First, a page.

Centered on a hit-and-run court case that ravages bond trader Sherman McCoy’s cushy lifestyle, The Bonfire of the Vanities is exactly what it sounds like. McCoy goes from self-proclaimed “Master of the Universe” to subaltern Earthling. But along the way, he discovers something that matters more than status: integrity. The real question, of course, is whether he can hold onto it
1990s: American Psycho, Bret Easton Ellis (1991)
With a little more distance—and a little more perspective—on the reckless overindulgence of the previous decade, Bret Easton Ellis set his sharpshooter sights on the detriments of capitalism in 1991’s American Psycho.
Narrator Patrick Bateman is a product of consumer culture, and a worst-case scenario at that. His superficial, objectifying approach to life and everything in it—including people—transforms him from an investment banker by day to a serial killer by night. Patrick’s friends, colleagues, and lawyer repeatedly misinterpret his criminal confessions as jokes. A more disturbing postmodern portrait of Manhattan’s upper class is difficult to imagine, or to want to.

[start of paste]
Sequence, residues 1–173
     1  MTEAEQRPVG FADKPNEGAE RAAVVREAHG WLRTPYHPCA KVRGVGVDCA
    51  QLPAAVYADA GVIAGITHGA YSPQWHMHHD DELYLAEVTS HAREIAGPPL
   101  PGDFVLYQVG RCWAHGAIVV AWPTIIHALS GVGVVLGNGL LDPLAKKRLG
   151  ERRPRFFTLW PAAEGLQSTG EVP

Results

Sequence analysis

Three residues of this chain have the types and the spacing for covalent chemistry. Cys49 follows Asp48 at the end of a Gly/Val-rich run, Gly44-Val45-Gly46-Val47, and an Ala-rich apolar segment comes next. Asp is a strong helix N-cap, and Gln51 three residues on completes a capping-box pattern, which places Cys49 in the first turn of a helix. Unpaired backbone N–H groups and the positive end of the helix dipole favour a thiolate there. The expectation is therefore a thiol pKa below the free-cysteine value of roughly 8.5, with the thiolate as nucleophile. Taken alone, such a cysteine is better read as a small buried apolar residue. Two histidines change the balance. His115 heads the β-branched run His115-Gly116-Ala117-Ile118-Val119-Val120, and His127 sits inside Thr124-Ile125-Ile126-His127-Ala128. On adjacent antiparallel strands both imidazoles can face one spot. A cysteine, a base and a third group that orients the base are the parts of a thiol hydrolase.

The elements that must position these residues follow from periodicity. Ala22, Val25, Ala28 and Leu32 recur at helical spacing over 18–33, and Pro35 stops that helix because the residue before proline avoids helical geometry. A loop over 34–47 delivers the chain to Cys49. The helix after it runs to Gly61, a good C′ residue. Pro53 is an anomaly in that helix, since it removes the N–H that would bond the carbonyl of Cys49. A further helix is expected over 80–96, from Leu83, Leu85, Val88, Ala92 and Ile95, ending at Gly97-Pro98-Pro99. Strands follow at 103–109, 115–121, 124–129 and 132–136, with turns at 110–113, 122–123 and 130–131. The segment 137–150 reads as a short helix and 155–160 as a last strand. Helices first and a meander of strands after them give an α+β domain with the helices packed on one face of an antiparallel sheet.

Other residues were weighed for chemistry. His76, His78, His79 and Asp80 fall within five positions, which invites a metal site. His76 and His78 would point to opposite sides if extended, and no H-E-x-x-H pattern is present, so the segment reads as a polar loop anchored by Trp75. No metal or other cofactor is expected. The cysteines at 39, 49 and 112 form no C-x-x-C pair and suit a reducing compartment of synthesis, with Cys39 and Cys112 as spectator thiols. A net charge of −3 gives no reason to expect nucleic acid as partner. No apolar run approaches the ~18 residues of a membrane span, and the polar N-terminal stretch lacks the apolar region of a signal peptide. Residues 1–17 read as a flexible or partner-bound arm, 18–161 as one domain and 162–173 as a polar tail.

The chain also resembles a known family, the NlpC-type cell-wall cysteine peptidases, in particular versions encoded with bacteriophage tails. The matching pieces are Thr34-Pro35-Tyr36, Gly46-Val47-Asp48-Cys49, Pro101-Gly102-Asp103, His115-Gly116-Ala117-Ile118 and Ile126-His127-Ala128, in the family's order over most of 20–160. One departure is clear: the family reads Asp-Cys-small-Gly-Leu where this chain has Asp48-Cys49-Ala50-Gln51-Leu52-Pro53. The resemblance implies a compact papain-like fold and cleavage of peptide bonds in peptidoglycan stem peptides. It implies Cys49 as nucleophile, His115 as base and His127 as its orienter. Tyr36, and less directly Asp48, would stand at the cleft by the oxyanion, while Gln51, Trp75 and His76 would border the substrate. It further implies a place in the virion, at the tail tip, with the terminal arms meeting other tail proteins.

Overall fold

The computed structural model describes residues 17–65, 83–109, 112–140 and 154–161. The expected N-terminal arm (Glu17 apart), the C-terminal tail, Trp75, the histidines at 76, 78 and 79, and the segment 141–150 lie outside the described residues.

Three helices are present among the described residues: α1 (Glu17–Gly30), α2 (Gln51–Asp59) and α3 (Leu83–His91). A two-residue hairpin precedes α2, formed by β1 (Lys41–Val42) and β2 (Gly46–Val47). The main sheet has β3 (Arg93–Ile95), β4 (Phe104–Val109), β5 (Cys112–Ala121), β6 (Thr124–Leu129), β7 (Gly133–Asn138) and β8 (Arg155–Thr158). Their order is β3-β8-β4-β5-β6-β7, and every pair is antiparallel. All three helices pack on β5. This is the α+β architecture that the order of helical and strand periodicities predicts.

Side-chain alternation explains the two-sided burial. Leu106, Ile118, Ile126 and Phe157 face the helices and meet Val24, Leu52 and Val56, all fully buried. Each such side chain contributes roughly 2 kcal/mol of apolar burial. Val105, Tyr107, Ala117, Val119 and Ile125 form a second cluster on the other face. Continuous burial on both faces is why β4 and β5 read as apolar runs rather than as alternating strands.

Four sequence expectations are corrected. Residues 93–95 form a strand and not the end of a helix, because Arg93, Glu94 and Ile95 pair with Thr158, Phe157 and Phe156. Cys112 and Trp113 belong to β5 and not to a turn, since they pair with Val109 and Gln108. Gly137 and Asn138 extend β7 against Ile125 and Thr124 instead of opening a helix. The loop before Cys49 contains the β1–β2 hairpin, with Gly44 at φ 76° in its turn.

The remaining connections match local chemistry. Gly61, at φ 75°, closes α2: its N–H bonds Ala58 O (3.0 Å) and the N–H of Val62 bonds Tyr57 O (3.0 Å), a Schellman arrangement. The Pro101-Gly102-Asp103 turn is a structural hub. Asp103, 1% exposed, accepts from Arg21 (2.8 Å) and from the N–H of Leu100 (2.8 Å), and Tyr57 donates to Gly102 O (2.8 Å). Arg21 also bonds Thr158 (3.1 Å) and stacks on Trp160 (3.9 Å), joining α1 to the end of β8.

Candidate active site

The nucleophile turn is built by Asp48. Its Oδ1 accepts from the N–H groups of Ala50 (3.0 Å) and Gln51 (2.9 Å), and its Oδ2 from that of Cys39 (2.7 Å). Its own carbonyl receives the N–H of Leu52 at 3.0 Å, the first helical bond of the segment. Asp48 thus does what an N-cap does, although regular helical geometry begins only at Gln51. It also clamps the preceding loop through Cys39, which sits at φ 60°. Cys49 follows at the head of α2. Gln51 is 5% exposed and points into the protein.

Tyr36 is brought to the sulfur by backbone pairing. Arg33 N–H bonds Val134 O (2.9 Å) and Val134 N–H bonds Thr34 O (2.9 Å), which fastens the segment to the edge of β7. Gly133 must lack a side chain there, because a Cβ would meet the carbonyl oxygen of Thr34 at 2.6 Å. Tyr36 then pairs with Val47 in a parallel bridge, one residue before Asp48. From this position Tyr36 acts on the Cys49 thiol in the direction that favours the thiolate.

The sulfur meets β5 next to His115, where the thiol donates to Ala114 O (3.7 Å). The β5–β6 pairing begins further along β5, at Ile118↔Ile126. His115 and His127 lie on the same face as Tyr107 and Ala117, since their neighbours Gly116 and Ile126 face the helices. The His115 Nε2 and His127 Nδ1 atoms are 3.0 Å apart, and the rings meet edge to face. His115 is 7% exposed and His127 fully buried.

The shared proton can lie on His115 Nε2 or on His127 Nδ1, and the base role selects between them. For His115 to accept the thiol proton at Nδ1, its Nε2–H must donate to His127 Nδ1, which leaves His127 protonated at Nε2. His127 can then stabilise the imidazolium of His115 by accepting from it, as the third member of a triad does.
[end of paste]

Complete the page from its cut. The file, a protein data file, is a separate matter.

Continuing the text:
These and many other New York novels of the 20th century speak masterfully to the city’s unique history and heritage. They remind us not just that New York is great, but that we made it great—and that our mistakes are best acknowledged openly and all together.
New York City may go fishing for compliments, but our writers sure know how to hook the bait. Here’s to another century of making literature and making history.